Sunday, January 13, 2013

Google can help N. Korea through many other programs: experts

I am afraid that the kind of help the regime will want from Google will not be the kind we want it to receive.  It will want to develop and use software to monitor and surveil its own people as this could be a great addition to help them keep the Songbun system functioning.  It will want to use it to reverse engineer software and then find ways to hack it and use it for spyware at home and abroad) and malware globally.  I would be very wary of any deals between Google and the regime because things might not turn out in ways that Google might envision.  That said, such deals could also provide us with opportunities.  In the long run I would err on making a deal to gain more access and influence inside north Korea but I am afraid few have the stomach for developing and sustaining a long term influence operation against the regime and to influence the population to prepare for eventual regime collapse and unification.  Instead Google and other foreigner will be exploited in ways they cannot imagine (but should – as Richardson and Schmidt should have imagined they would be and were used).

2013/01/12 04:35 KST

Google can help N. Korea through many other programs: experts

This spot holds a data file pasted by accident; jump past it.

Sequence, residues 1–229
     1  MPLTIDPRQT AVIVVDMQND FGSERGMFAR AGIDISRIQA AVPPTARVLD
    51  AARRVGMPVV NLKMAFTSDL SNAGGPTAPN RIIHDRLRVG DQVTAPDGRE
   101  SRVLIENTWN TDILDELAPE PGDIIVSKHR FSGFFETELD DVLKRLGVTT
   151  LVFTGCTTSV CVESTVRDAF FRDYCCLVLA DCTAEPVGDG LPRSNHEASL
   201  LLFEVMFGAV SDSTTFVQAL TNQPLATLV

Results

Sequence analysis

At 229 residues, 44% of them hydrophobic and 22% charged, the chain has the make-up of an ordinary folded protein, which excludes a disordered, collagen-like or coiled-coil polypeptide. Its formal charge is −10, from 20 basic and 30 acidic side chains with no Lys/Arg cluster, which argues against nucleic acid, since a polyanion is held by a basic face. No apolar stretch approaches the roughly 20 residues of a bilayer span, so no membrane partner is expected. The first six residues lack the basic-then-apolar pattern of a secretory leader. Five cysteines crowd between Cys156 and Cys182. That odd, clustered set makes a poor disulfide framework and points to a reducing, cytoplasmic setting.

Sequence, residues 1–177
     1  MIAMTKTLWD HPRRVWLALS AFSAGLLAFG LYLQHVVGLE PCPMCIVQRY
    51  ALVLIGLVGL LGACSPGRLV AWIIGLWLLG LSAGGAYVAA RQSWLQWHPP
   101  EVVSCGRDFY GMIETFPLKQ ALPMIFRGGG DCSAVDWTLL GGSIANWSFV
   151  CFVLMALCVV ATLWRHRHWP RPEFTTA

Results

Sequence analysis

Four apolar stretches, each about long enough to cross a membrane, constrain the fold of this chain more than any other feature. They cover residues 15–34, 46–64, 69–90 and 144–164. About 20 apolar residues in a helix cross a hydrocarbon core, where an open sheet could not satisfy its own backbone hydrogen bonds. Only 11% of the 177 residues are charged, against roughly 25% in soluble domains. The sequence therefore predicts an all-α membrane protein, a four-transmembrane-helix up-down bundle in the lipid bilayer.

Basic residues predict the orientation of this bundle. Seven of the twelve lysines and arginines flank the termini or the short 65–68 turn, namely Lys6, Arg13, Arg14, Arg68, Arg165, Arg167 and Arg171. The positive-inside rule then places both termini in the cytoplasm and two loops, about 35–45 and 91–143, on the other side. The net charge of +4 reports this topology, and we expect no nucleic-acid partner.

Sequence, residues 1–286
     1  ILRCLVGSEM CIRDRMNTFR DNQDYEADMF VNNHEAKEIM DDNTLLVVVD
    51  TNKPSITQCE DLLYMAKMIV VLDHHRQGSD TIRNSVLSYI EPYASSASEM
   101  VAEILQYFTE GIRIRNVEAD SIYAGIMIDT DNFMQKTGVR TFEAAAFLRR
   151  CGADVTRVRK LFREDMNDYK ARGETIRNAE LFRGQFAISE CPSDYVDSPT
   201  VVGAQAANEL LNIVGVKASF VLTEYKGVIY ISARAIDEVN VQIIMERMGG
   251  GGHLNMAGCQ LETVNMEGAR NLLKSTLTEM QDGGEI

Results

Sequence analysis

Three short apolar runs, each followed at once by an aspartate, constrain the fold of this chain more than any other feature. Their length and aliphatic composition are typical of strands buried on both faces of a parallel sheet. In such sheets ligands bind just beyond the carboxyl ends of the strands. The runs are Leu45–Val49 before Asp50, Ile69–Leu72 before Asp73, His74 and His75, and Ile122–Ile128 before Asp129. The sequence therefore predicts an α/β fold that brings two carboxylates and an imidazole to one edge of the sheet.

By Lee Chi-dong
WASHINGTON, Jan. 11 (Yonhap) -- Although this week's trip to Pyongyang by Google czar Eric Schmidt remains controversial, the California-based firm may be able to search multiple ways to help North Korea, experts here said Friday.

   Schmidt made a four-day trip to North Korea earlier this week, along with former New Mexico Gov. Bill Richardson, drawing keen international attention.

   Peter Hayes, director of the Nautilus Institute, said Richardson was the apparent driving force behind the trip, which was opposed by the U.S. government.

   "Eric Schmidt was likely the 'juicy bait' to seal the deal with the North Koreans (on the trip)," Hayes, a long-time Korea watcher, said in an article co-authored by Roger Cavazos, an associate at the think tank.

   After his visit to Pyongyang, Schmidt said he had urged the communist regime to start work to connect its people to the outside world through cyberspace.
(Continued at the link below)

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